oh and never rely on a few classes you took years ago. They might be fine for traveling and general communications, but most people forget the little details and that is annoying as hell in books.
    Okay, rant over!

  12. AAR Lynn says:

    LizA – I think you have a good point. There always seem to be people who don’t follow the norm of their time and so unusual behaviors can be acceptable to a reader because of that. Jumping the gun on inventions would be something else. I just read a book set in the early 1870s and the heroine refers to electricity and automobiles as if they have come into common use at least among the rich in rural England. That jumped out at me so much that I had to go look it up!

    And SusiB -I’m with you on the languages. The area I’m in has people from all over the world, so I may just have a skewed view of things, but it seems as though it would be fairly easy to find language help. I have to do it for court cases all the time, and I’m always able to find people – even for some fairly exotic languages.

  13. Susan/DC says:

    I admit to being inconsistent about my requirements for historical accuracy. I prefer authors to be as accurate as possible. However, I recognize that complete accuracy may be neither possible nor desirable. I don’t care that medievals don’t reference personal hygiene because contemporaries don’t either — when was the last time you read a contemporary that discussed whether the hero had bathed or brushed his teeth recently or pointed out the wonders of modern sewer systems? When I read a medieval, I don’t expect the heroine to particularly notice the hero’s bathing habits because they would be the same as hers and everyone elses. If something is universal, people don’t notice it and so it wouldn’t be commented on. I’m more likely to notice inaccuracies that relate to things I know, and I’m more likely to be annoyed if the errors are things that are easy to check (e.g., languages, historical events, and titles) — errors in such things indicate laziness on the author’s part and a lack of respect for the readers.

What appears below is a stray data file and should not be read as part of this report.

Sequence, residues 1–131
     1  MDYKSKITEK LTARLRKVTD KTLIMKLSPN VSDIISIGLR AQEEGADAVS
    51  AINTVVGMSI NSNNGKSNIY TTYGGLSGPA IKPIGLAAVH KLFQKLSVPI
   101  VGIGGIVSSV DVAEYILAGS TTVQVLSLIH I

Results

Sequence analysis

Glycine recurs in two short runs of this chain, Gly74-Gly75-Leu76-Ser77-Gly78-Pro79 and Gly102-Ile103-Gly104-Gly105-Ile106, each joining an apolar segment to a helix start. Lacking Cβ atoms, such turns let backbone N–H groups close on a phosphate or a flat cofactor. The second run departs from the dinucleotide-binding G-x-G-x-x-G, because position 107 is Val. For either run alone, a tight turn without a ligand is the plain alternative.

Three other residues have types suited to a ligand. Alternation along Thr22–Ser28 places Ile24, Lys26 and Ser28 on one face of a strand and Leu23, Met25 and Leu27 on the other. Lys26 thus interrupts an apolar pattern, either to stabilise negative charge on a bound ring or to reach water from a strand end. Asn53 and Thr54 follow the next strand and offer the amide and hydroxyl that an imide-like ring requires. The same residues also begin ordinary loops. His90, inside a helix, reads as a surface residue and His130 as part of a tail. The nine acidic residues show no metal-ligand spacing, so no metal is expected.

As several others have noted, if the author has created characters who are psychologically true and a story that’s emotionally true, I’m much more willing to forgive the occasional historical lapse.

  14. AAR Lynn says:

    For Mary Reed McCall – Thanks for posting the links! They were really interesting.
    Funny you should mention the folks who had to share living space with their animals. I still remember learning about that in history class. It was quite a jolt to my 10 y.o. mind! :-)

  15. Heather says:

    As LizA says above: there are anachronisms and there are anachronisms. I generally will be pretty forgiving if the problem is only 10-15 years either way, and if the general details are right. I don’t read romances for the history (grin). HOWEVER, that being said, a couple of wallbangers for me happened when the modern language and attitudes got out of control. For instance, a governess was ranting at an English landowner within the first 10 pages of the book for being a ‘control freak’. Book was round-filed immediately. Heroines who are out of their class with feistiness get me too. There is romantic tension and the hero appreciating that the heroine is her own character, and then there is behavior that is WAY too 21st century. If one is going to write a historical, one needs to remember that political correctness DID NOT exist back then!